According to the account of the assassination by Edward Grim de Breton is meant to have broken his sword when chopping at Becket’s head. After the service in the holy land following excommunication it is believed that de Breton may have retired to Jersey. One of his descendants is said to possibly be Lillie Langley a mistress of King Edward VII

Henry II, from Civil War to Empire.

So I have had a little block recently, and some real life events have put me on hold.  February has been a bit of a wash out for the blog but hopefully things will begin to get a little bit better and I can continue on with my quest.

Henry II is the next King on my list of Plantagenet’s and I suppose this is maybe not helped me, the question is with Henry II where to start?

It looks like even before he became King he led a busy life.  Securing lands in France, helping his mother against Stephen and securing the crown of England for himself.  So to begin with I have decided to take this piece from the Treaties of Wallingford and Winchester where he finally managed to succeed in securing his succession to the throne of England.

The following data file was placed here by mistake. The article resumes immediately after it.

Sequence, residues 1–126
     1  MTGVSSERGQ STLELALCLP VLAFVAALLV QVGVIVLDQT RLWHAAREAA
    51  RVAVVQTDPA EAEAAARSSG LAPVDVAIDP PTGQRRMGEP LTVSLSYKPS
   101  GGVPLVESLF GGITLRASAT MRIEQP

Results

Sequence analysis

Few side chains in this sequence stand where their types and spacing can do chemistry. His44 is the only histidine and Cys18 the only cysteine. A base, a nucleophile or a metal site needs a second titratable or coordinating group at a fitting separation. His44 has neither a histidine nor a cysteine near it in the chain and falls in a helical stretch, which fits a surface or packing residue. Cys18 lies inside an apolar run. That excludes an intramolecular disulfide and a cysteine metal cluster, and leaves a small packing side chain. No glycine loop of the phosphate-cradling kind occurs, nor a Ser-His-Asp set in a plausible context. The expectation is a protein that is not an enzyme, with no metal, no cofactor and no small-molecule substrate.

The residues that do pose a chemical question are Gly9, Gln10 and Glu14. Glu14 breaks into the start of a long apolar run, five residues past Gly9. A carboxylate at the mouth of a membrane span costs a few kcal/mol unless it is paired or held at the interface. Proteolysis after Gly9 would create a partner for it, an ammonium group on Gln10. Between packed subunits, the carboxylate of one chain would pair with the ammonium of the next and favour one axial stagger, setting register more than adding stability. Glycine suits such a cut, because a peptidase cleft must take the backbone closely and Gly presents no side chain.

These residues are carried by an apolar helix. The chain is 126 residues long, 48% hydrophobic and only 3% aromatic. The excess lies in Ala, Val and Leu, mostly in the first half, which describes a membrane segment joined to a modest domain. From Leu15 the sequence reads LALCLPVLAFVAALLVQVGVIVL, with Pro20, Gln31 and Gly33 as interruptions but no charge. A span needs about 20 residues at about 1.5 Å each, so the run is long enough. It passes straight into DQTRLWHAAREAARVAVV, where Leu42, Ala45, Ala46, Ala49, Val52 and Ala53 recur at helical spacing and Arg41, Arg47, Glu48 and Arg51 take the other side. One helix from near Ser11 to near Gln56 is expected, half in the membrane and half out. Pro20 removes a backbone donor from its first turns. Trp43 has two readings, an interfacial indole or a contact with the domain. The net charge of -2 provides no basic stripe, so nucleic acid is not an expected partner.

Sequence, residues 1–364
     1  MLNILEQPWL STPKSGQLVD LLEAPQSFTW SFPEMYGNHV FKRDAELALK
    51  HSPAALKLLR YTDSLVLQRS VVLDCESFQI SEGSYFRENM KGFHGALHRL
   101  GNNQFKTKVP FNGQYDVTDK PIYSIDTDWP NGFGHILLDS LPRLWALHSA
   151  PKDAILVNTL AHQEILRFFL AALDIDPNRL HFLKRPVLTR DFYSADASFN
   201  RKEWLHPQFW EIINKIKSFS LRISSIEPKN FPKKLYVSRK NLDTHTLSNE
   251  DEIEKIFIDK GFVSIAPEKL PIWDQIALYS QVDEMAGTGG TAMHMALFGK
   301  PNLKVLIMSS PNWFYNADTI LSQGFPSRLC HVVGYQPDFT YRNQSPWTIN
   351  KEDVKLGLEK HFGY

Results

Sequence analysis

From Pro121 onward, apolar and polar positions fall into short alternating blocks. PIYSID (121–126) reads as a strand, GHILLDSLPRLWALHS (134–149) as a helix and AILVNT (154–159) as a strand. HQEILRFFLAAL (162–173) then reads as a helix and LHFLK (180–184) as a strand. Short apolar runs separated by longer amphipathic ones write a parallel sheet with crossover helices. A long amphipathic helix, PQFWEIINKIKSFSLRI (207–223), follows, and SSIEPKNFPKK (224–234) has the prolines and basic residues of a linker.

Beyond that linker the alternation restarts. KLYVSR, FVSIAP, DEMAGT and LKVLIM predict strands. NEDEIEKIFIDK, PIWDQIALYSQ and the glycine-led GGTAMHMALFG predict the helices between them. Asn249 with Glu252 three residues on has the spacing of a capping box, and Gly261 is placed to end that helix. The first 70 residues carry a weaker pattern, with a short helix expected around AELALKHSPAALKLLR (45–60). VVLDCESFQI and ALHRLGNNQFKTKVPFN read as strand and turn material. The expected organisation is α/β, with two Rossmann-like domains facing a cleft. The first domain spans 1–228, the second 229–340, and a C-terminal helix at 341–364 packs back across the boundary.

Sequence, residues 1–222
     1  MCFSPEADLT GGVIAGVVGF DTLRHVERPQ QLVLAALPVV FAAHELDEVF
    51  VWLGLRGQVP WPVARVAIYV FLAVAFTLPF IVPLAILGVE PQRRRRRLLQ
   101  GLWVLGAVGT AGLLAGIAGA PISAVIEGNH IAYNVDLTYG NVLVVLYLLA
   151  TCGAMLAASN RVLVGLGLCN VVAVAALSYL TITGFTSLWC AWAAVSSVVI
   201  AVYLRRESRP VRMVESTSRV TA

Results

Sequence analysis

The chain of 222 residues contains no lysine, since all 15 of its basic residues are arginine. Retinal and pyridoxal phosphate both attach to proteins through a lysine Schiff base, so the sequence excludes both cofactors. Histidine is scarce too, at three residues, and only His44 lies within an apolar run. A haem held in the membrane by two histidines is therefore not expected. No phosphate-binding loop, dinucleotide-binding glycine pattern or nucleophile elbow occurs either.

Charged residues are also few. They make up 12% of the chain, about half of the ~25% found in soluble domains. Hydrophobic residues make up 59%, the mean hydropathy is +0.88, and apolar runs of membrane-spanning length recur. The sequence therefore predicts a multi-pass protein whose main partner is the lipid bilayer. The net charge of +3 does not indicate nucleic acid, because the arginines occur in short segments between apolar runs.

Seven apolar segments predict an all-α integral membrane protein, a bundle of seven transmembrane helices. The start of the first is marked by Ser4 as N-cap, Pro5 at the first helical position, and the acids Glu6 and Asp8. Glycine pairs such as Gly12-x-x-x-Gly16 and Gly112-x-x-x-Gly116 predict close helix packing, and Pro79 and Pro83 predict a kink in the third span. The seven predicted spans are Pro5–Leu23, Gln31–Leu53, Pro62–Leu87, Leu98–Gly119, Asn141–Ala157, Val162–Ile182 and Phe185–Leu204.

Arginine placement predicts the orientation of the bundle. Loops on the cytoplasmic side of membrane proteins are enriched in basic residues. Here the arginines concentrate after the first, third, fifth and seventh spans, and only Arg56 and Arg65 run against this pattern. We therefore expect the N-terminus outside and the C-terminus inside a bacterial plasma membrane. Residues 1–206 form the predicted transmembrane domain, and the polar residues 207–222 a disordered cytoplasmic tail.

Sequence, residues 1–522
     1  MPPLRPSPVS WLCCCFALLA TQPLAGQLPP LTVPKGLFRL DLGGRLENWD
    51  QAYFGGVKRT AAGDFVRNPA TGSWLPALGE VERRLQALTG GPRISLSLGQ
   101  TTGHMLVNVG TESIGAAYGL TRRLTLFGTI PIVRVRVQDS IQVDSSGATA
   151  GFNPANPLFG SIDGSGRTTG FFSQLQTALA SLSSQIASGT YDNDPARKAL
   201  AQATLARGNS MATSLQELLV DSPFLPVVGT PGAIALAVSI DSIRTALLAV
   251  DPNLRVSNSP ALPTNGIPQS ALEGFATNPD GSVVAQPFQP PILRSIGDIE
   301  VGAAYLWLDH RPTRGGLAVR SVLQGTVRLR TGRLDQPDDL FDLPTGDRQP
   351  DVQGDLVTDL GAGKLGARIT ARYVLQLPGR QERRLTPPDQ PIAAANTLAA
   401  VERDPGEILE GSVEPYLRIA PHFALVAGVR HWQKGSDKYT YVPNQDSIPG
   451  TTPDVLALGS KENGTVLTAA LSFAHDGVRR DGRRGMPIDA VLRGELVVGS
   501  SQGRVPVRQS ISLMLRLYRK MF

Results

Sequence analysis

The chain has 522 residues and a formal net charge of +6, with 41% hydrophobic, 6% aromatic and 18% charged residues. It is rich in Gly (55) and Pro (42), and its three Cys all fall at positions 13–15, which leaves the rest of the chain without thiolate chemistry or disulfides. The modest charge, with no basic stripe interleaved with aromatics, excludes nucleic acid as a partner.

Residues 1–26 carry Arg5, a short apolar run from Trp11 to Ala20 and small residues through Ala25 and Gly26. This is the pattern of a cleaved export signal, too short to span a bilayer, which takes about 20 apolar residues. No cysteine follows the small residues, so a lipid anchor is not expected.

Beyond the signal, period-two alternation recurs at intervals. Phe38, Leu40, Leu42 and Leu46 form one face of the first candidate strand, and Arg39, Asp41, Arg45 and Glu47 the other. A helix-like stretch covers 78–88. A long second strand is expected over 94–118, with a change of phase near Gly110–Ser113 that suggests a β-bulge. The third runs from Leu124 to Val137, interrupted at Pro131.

Henry was now the adopted son of Stephen who accepted him as his rightful successor to the throne.  Stephen promised to listen to Henry but retained all his Royal powers and castles.  William, Stephen’s ‘other’ son would do homage to Henry renouncing his claim to the throne for promises that his lands were safe.  The agreement was sealed with a kiss of peace at Winchester Cathedral.  Although following the agreement peace remained precarious and after rumours of a plot to assassinate Henry he returned to Normandy.

Stephen fell ill of a stomach disorder and died on 25th October 1154.  Once news reached Henry he returned to England to take oaths of loyalty from some of the barons.  He was crowned at Westminster alongside Eleanor on the 19th December 1154.  During the civil war known as ‘The Anarchy’ much of England had suffered some form of destructive action.   Henry upon receiving the crown set to trying to establish normality.  The king’s income had declined dramatically and the royal control over the mints remained limited.

Henry II

Henry presented himself as the legitimate heir to Henry I his grandfather through his mother Empress Matilda.  He tried to begin by rebuilding the kingdom in his grandfather’s image.  Although the majority of this work had to be carried out at a distance as he spent six and a half of the first eight years of his rule in France.  Despite this work was carried out to demolish unauthorised castles that had sprung up during the civil war.  Efforts were made to restore the royal justice system and royal finances and Henry invested heavily on the construction and renovation of new royal buildings.